perltutorial
root
Another useful thing would be able to match a certain number of characters that matched a certain criteria.
There are two types of searches you can do when you're dealing with quantifiers: greedy or nongreedy, or in
other terms maximal, and minimal. A maximal or greedy search tries to match as many characters as it can
while still returning a true value. So if we were looking for 1 to 4 b's in a row and had
a string with 3 b's in a row we would match the 3 b's. If it was a minimal or nongreedy search only
the first b would be matched.<BR>
<BR>
Here's a table that sums up quantifiers.<BR>
<BR>
<TABLE border=1>
<TR><TD><B>Greedy</B></TD><TD><B>Nongreedy</B></TD><TD><B>Allowed numbers for a match</B></TD></TR>
<TR><TD>?</TD><TD>??</TD><TD>0 or 1 time</TD></TR>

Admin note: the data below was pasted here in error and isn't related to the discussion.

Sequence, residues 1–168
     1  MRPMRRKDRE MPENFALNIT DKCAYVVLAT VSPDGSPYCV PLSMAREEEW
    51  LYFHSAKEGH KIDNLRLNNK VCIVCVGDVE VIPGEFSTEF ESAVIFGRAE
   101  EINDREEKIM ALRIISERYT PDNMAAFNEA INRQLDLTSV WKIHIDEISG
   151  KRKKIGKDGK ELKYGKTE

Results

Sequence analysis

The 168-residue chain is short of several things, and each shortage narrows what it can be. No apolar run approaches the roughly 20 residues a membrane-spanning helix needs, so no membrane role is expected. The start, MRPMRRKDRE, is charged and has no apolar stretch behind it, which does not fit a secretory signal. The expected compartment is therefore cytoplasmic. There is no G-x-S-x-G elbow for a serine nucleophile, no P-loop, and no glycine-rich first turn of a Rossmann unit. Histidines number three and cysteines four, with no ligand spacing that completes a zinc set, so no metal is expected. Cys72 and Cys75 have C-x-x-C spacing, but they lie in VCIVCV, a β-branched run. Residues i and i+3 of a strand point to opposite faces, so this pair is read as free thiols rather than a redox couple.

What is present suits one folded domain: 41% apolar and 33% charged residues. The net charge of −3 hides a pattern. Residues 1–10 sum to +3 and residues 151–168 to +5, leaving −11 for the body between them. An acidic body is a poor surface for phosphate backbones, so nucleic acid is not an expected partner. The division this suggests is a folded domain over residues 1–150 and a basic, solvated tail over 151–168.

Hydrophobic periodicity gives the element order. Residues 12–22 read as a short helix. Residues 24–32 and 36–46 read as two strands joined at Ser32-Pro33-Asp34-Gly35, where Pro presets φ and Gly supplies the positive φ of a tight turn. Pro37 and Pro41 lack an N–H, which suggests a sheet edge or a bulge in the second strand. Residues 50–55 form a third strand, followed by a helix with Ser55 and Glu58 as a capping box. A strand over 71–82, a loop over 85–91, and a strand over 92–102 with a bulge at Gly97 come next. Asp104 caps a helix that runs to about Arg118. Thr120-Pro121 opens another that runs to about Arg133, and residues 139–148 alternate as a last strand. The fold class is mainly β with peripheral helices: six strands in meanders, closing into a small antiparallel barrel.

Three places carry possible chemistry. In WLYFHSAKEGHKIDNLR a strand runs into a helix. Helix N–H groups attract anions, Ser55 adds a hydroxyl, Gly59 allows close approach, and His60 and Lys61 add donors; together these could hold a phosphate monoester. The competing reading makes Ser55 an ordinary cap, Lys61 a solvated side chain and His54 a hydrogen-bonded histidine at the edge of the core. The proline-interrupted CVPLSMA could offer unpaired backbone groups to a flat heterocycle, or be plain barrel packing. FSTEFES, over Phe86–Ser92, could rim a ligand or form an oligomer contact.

<TR><TD>+</TD><TD>+?</TD><TD>1 or more times</TD></TR>
<TR><TD>*</TD><TD>*?</TD><TD>0 or more times</TD></TR>
<TR><TD>{i}</TD><TD>{i}?</TD><TD>exactly i times</TD></TR>
<TR><TD>{i,}</TD><TD>{i,}?</TD><TD>i or more times</TD></TR>
<TR><TD>{i,j}</TD><TD>{i,j}?</TD><TD>at lease i times and at most j times</TD></TR>
</TABLE><BR><BR>
Obviously Perl needs to know what these quantifiers are referring to. The quantifier is associated with the
character directly to its left unless parentheses are used for grouping.<BR>
<BR>
<PRE><CODE>
/b{3}/ #matches three b's
/(ha){3}/ #matches hahaha
</CODE></PRE>
Onto [Character Class Abbreviations]
<BR>